In the end, Dyer was adamant that all four shots were ruled justified under Fresno police policies and law enforcement tenets found across the country.
The Fresno County Coroner’s Office has reported that Noble died of massive internal injuries from three bullets and nine buckshot pellets from a single shotgun shell. The report did not specify which shot, if any, was determined to be the fatal one.
The Fresno County Sheriff’s Office has said a toxicology analysis showed Noble had a blood-alcohol level of 0.12 percent, above the state’s legal driving limit of 0.08. The analysis also found trace amounts of the chemical benzoylecgonine, a metabolite of cocaine.
But Paboojian and Chandler contend that they still have valid civil rights lawsuits against the police department.
“In the court of law, every shot has to be justified and the officers have to prove they were in imminent harm,” said Paboojian, a former Fresno County prosecutor who represents Darren Noble. “No reasonable person will conclude that the shooting was justified and the officers were in imminent harm.”
Paboojian said what police and prosecutors are sidestepping is that Camacho and Chavez pulled out their guns for a traffic stop. “They escalated the situation,” he said.
In her news release, Smittcamp alludes to police shootings being a civil matter: “It is the District Attorney’s Office’s role in these incidents to investigate and determine whether any violation of California criminal law was committed by the officer or officers. It is not the role of the District Attorney’s Office to determine civil negligence, civil rights violations, or to condone or condemn the policies of law enforcement agencies or the tactical decisions of law enforcement officers.”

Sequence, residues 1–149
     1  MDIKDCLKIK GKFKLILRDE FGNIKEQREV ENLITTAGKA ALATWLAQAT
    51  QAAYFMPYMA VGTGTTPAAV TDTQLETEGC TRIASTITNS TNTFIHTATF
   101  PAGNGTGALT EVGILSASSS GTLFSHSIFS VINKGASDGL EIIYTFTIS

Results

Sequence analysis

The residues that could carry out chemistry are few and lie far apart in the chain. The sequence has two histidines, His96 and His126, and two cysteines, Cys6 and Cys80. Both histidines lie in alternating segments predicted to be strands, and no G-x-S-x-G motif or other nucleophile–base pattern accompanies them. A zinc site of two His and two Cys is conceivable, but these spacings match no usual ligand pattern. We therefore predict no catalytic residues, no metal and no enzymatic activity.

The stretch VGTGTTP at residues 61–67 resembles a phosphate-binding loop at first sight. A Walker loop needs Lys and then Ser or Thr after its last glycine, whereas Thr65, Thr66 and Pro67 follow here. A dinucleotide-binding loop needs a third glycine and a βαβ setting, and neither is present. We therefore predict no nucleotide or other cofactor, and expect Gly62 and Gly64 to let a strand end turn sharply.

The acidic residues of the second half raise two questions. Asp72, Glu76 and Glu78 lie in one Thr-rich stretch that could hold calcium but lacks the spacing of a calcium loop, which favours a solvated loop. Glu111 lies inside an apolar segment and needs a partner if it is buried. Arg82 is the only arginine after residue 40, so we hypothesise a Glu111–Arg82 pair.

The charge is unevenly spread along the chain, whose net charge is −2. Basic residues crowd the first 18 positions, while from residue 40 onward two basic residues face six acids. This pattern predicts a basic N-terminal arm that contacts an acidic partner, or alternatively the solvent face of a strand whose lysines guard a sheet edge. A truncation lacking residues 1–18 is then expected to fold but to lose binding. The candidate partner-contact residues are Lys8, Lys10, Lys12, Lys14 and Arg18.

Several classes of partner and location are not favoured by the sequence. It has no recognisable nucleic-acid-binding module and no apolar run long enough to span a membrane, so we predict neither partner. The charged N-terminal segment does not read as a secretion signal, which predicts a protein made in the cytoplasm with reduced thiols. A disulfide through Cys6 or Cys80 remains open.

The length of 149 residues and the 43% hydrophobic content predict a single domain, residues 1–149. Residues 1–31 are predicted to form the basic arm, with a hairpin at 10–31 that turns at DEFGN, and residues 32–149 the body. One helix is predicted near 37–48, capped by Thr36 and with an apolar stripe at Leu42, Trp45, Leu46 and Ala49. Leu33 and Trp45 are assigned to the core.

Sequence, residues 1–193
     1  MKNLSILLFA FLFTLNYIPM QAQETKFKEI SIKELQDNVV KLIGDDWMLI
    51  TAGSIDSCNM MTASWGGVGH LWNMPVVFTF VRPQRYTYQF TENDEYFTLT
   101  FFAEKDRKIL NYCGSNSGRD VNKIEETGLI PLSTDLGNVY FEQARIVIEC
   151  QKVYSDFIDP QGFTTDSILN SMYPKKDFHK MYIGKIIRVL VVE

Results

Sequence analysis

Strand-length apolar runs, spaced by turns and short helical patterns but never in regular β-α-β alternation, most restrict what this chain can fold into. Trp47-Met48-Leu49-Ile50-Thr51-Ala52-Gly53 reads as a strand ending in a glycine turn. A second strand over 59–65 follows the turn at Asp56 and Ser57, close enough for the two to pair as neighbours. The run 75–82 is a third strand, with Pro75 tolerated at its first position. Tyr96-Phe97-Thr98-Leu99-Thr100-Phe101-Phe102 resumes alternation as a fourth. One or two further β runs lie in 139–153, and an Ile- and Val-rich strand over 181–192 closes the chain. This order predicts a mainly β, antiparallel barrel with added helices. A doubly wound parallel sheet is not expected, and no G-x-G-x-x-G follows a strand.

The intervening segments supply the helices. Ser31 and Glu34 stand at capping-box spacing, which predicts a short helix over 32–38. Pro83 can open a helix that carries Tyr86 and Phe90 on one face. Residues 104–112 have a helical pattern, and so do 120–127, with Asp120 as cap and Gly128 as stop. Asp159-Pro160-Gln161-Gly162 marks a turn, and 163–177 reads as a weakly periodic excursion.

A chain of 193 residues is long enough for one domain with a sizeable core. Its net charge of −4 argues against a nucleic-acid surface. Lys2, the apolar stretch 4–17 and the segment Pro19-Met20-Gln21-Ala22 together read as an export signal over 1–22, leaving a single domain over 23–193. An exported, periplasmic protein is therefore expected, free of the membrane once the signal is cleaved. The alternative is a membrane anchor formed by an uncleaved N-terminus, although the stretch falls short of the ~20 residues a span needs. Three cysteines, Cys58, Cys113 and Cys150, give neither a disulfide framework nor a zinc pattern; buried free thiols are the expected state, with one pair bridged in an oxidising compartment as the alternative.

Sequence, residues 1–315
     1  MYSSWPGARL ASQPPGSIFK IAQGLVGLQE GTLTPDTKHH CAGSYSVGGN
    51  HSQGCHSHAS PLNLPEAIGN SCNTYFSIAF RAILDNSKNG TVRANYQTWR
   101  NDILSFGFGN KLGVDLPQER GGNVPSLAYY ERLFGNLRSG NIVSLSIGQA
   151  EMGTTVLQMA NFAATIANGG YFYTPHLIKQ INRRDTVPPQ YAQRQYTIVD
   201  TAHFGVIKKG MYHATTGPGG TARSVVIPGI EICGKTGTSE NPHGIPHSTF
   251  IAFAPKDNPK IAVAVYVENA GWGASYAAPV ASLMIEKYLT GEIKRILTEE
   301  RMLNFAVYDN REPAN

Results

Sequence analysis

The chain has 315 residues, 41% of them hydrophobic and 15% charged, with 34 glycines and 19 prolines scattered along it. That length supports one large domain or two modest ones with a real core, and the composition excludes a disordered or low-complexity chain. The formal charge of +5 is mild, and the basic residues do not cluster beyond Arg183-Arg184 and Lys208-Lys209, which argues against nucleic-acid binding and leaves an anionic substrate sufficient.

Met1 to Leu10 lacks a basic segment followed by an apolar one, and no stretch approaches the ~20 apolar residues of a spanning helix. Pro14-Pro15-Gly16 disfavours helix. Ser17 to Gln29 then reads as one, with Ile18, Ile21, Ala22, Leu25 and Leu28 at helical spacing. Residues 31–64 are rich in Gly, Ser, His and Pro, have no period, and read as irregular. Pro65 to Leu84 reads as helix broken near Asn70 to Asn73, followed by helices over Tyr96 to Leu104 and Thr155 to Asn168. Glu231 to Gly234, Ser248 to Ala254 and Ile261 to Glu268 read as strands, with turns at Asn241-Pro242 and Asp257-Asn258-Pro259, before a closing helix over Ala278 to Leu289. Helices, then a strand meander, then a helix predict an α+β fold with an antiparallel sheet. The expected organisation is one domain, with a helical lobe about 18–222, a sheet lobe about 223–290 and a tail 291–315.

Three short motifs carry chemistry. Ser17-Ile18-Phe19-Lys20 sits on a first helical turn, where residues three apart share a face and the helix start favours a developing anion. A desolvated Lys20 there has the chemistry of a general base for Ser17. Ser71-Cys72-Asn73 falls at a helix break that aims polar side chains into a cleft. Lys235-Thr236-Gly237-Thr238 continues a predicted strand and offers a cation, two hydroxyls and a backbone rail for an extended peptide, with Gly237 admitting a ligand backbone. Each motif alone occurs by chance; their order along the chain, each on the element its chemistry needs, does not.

I’m disappointed in the conclusion of the District Attorney’s Office, but we are determined to get justice for Dylan.
Fresno attorney Stuart Chandler
Just last month, the city of Fresno agreed to pay $2.2 million to settle a federal civil rights lawsuit filed by the parents of a Fresno man who was fatally shot by police four years ago. With the settlement comes major changes for the Fresno Police Department in the use of force, said Oakland attorneys Michael Haddad and Julia Sherwin, who represented the parents of Jaime Reyes Jr., 28.
Reyes was shot while climbing a fence at Aynesworth Elementary School in southeast Fresno on the afternoon of June 6, 2012.
If the lawsuit had gone to trial, the evidence would have shown that Officer Juan Avila shot Reyes near the top of the fence, Haddad said. Once Reyes toppled to the ground, Avila shot him three more times in the back as he lay wounded, face down on the ground, he said. Reyes had a gun in his pocket.
The Fresno Police Department ruled the killing of Reyes was justified. In the settlement, the city did not admit to any wrongdoing by its officers.
Paboojian and Chandler said they have no doubt that Noble’s killing will end up in a civil courtroom.
“I’m disappointed in the conclusion of the District Attorney’s Office, but we are determined to get justice for Dylan,” said Chandler, who represents Veronica Nelson.
More importantly, Chandler said, the goal is to change the Fresno Police Department’s policies, practices and training when using excessive force “to prevent such tragedies from happening again in the future.”